Sound

Linux Compatibility Check

The only way I know to check this, is to compile the different sound drivers into the kernel and check whether they are detected or not. The best way to do so, is to compile them as modules because it's easier to load different parameters such as interrupts and IO ports this way. For the 2.2.x kernels, read /usr/src/linux/Documentation/sound/Introduction by Wade Hampton. This document may help you get started with sound. Also, you might try one of the commercial sound drivers mentionend below. To check whether sound works or not you may try e.g. xmms and one of the sounds provided in /usr/share/sounds.

Related Documentation

  1. Sound-HOWTO

  2. Visual-Bell-mini-HOWTO

  3. You may find also some good sound HOWTOs at the Linux Audio Users Guide - LAU

Survey Sound Drivers

  1. ALSA Advanced Linux Sound Architecture . The Advanced Linux Sound Architecture aims to: be a fully-modularized sound driver which supports kerneld/kmod, ensure compatibility with most binary OSS/Lite applications, create an ALSA Library (C,C++) which covers the ALSA Kernel API for applications, and create ALSA Manager, an interactive configuration program for the driver. With Kernel 2.6 these modules will be part of the Linux Kernel.

  2. UNIX Sound System Lite / OSS provides commercial sound card drivers for most popular sound cards under Linux. These drivers support digital audio, MIDI, Synthesizers and mixers found on sound cards. These sound drivers comply with the Open Sound System API specification. OSS provides a user-friendly GUI which makes the installation of sound drivers and configuration of sound cards very simple. OSS supports over 200 brand name sound cards. OSS drivers provide automatic sound card detection, Plug-n-Play support, support for PCI audio soundcards and support.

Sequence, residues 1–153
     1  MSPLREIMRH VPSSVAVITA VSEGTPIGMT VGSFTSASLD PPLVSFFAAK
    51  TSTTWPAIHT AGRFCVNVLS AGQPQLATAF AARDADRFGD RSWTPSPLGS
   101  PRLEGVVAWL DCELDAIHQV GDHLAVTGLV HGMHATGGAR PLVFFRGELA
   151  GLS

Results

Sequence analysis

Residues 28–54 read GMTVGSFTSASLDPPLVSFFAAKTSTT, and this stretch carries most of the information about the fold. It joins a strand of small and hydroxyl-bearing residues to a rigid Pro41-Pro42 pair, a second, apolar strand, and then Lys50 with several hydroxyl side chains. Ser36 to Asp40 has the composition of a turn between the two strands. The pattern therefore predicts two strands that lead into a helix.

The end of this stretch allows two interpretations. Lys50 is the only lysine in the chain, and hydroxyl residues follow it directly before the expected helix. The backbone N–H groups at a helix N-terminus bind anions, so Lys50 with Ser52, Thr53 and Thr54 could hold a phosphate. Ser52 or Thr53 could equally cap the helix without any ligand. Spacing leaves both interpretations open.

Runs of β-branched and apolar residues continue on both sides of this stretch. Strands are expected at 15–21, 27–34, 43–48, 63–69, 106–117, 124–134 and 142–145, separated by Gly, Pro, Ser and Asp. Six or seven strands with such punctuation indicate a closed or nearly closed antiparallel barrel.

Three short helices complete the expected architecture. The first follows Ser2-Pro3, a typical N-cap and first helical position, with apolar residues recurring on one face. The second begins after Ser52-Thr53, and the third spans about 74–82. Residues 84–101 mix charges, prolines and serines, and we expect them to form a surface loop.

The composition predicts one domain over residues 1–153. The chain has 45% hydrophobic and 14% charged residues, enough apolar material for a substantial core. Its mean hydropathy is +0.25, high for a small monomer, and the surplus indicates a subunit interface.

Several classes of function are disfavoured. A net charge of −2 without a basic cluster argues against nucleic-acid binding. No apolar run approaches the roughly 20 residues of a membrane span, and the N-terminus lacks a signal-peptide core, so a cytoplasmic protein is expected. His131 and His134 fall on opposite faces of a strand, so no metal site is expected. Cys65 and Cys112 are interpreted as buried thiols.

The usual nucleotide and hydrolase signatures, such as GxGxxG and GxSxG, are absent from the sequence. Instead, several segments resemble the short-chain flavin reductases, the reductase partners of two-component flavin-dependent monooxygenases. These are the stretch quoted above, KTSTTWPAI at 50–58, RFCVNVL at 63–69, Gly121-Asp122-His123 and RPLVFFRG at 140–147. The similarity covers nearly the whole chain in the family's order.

3. As a last resort you may try the speaker module pcsnd, which tries to emulate a soundcard.

Additional Soundcards

VXPocket looks like a finally medium2high-end soundcard solution for onboardwise badly equipped laptops. Note: I didn't check whether this is a PCMCIA card or not. PCMCIA sound cards are probably not supported.

Also USB may be an alternative. Most USB audio devices are supported by recent kernels. An example is Labtec Axis 712 Stereo Headset (headphones and microphone) which works in full-duplex mode. For more info about this and other Linux-compatible USB audio devices see the USB Survey and my Mobile USB Linux Hardware Survey .

External and Internal CD Drives

For playing CDs/DVDs from an external or internal CD/DVD drive, see chapter the section called “Optical Drives (CD/DVD)” CD/DVD Drive below.